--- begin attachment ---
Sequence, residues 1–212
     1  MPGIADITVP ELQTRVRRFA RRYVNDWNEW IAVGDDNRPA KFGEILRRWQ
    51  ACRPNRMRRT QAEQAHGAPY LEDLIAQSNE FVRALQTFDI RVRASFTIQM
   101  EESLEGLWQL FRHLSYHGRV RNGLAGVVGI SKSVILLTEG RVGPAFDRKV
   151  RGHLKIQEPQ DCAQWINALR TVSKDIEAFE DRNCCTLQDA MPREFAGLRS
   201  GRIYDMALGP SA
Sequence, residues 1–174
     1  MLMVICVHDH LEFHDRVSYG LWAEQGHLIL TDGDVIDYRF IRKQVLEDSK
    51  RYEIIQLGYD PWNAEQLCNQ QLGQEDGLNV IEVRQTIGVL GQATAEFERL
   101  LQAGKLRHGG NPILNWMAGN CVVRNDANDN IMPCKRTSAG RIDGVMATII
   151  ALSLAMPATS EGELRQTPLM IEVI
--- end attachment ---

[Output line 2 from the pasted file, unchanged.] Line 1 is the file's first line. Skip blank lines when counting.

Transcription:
     1  MPGIADITVP ELQTRVRRFA RRYVNDWNEW IAVGDDNRPA KFGEILRRWQ